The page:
What's the deal with Google's Eiji Tsuburaya Godzilla doodle?

Tuesday’s interactive Google doodle celebrates Eiji Tsuburaya, a Japanese filmmaker who revolutionized monster movie making.

Google celebrates Japanese special effects guru Eiji Tsuburaya with an interactive Doodle on what would be his 114th birthday July 7.

Eiji Tsuburaya was a monster movie master.

Born 114 years ago on July 7, the Japanese special-effects guru spent his career bringing leviathans to life – think Ultraman, Mothra, and, of course, Godzilla. To celebrate the man’s legacy and the genre of film he helped create, Google has released an interactive Doodle on its home page that gives users a taste of what it’s like to make a movie, Tsuburaya-style.

The Doodle has 10 levels, each of which has the user assisting in one form of filmmaking or another: helping actors put on cumbrous costumes, using giant monster feet to stomp on tanks, or hooking up heroes to wires that make them appear to fly. The mini-movie at the end of the games varies depending on how successful the user is at each task.

The idea is to take users through the process of making a “tokusatsu” movie, the kind of live-action, special effects-laden film that Mr. Tsuburaya revolutionized in his lifetime, Google’s Jennifer Hom said on the company’s Asia Pacific blog.

“Tsuburaya’s legacy was much more than just the monsters he had created,” Ms. Hom, who conceptualized the Doodle tribute, said. “[H]e had pioneered this whole way of making movies that was still being used today.”

Indeed, while Tsuburaya is most remembered for his hand in conceptualizing classic movie monsters – having taken his inspiration from Hollywood’s “King Kong” – it was the techniques he pioneered that make him a film icon in both Japan and the world. His work has involved innovations in lighting, photography, and the building of models for sets.

He also set the standard for suitmation, the process of using an actor in a monster suit to portray a “daikaiju,” or giant monster.

In filming “Godzilla,” released in 1954, Tsuburaya decided to use special effects, miniatures, and costumes in place of stop-motion animation, which was the common technique of the time. The concept was a huge risk.

“Actors were stuffed into a costume that was, at its lightest, 220 pounds,” Vox’s Phil Edwards wrote. “They breathed in kerosene from the fumes of a tiny ‘Tokyo’ model burning beneath them, and actor Haruo Nakajima says he lost 20 pounds in the production because the costume was so physically strenuous.”

It was also the most expensive Japanese movie made up to that time, Mr. Edwards noted.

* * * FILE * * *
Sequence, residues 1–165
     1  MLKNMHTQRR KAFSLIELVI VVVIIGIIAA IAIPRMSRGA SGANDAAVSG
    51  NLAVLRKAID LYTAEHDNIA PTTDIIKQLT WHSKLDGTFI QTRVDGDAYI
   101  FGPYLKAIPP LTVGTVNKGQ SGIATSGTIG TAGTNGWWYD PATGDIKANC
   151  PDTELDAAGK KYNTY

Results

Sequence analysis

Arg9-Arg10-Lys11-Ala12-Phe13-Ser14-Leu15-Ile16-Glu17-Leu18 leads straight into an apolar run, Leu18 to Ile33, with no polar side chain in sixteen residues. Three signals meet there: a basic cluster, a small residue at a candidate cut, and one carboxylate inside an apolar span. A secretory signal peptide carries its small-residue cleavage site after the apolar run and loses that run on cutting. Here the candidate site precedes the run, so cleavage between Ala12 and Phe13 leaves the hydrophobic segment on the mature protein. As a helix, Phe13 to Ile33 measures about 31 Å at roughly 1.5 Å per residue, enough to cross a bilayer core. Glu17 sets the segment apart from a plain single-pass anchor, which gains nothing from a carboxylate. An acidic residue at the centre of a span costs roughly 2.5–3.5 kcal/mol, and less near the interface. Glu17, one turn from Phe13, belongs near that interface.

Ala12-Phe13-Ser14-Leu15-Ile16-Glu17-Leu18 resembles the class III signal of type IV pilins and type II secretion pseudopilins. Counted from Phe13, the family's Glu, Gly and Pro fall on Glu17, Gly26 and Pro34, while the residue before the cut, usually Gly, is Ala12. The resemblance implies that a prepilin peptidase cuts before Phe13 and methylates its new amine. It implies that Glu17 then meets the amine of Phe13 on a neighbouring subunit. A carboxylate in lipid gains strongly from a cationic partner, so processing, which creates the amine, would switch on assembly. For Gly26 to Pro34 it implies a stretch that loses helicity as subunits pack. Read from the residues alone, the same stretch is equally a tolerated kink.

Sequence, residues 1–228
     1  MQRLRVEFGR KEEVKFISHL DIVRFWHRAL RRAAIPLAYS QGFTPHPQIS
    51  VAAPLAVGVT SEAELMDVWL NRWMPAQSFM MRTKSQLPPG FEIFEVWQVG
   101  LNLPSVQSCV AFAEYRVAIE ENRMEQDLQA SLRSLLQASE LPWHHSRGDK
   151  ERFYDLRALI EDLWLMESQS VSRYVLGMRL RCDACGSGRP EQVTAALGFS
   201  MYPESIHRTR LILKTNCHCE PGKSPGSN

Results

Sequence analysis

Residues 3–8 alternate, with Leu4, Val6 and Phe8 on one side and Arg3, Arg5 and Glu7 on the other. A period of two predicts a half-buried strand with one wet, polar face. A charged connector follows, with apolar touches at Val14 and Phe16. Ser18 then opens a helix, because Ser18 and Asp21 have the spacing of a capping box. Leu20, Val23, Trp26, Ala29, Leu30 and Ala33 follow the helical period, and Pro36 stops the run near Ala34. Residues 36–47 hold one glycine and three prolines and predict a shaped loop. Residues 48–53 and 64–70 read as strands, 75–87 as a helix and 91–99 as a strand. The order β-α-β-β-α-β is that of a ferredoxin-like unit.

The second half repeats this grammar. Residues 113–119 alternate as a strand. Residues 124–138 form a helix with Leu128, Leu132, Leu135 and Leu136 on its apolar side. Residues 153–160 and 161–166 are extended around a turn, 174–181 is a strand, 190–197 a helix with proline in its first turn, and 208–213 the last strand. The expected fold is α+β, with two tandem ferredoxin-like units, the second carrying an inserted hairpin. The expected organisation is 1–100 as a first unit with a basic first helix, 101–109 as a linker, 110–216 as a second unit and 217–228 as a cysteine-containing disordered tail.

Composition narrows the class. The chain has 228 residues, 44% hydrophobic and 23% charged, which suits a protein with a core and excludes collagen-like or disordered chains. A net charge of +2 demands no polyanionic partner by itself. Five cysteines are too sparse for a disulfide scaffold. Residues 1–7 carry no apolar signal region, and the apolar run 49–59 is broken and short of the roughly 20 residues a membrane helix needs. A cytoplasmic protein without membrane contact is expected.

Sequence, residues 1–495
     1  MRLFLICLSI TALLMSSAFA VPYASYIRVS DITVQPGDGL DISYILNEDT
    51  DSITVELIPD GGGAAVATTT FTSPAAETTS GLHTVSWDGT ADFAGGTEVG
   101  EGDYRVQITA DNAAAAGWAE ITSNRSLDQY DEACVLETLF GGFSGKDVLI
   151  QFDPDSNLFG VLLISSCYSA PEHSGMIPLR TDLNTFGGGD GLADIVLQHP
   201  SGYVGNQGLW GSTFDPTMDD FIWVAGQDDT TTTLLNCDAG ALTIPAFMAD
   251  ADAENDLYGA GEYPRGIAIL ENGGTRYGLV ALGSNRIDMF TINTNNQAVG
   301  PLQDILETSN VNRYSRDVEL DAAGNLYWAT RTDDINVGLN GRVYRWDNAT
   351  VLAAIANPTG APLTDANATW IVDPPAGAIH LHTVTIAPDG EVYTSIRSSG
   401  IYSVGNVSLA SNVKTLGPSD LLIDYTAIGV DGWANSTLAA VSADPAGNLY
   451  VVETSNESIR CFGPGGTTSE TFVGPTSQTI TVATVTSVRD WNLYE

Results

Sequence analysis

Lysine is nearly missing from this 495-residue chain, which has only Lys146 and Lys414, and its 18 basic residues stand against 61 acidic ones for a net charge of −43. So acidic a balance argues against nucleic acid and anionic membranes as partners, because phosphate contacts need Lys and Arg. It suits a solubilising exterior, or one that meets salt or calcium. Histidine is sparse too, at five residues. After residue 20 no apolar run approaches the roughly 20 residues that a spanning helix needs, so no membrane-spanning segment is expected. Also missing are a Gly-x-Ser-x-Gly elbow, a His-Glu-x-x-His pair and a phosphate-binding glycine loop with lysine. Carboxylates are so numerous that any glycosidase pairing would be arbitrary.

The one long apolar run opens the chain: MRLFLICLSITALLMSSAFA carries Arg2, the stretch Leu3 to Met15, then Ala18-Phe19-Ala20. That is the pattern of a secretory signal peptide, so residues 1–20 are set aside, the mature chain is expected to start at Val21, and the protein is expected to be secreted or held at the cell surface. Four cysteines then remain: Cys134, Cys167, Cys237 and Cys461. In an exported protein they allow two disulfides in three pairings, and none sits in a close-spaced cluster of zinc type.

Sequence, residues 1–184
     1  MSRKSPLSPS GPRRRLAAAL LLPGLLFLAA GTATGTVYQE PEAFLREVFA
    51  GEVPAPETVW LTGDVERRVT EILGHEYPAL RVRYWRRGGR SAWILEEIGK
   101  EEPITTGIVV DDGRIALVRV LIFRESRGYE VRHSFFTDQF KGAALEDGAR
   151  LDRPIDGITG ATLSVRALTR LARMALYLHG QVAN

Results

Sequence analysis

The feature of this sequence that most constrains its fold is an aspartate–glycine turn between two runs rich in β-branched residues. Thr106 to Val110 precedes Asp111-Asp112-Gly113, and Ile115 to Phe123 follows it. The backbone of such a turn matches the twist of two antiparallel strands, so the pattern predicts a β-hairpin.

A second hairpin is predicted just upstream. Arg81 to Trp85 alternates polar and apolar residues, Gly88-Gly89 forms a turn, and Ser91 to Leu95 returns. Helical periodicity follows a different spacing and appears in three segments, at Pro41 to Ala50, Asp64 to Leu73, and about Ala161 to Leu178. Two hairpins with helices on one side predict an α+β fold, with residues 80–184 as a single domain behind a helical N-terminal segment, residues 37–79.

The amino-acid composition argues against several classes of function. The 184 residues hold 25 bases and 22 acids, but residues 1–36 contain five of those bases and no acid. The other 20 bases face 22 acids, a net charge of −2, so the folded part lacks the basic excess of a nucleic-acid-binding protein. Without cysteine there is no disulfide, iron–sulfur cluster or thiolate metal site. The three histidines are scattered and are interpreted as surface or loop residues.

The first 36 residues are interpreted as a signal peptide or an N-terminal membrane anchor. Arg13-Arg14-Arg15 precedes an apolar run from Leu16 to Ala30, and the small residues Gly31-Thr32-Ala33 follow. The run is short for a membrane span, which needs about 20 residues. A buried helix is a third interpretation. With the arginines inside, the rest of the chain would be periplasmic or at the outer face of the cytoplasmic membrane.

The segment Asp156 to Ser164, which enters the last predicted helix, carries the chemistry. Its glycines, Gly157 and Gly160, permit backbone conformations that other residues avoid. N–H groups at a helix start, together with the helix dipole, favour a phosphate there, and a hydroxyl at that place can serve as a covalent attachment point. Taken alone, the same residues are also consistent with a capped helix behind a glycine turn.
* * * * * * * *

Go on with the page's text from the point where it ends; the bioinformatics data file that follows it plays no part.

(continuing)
But the risks paid off. “Godzilla” became a hit worldwide, setting off a craze around the “kaiju,” or monster movie genre. Tsuburaya went on to create the other iconic characters that have made his career unparalleled in the Japanese film industry.

Most popular of these is probably the red and silver giant hero Ultraman, which became a pop culture phenomenon in Japan and is regarded as the inspiration for a number of subsequent films and movies featuring costumed caperers and giant robots.

“It’s fascinating to me how long-lasting the results of his work has been,” Google’s Hom said in another company blog. “It’s easy to see remnants of the tokusatsu style in Guillermo del Toro’s Pacific Rim, Evangelion, and even the Power Rangers.”

Hom’s efforts to create the perfect tribute led her to Tsuburaya’s actual studios in Japan, where she and her team witnessed the production process up close. Costumes and props were made by hand in a secret studio, she said, and there was “a palpable respect for the tradition and legacy that they’re upholding through their craft.”

The resulting Doodle might fall somewhat short for those who had hoped to have a chance at crushing buildings as Godzilla or fighting evil aliens as Ultraman. But it does give a unique look into the magic behind the movies that brought those characters to life.

“While several of ideas revolved around a game format, I thought it would be more interesting and engaging to recreate the filmmaking experience from scratch,” Homs said. “What better way to get an appreciation for the creative challenges Tsuburaya the director had to face?”

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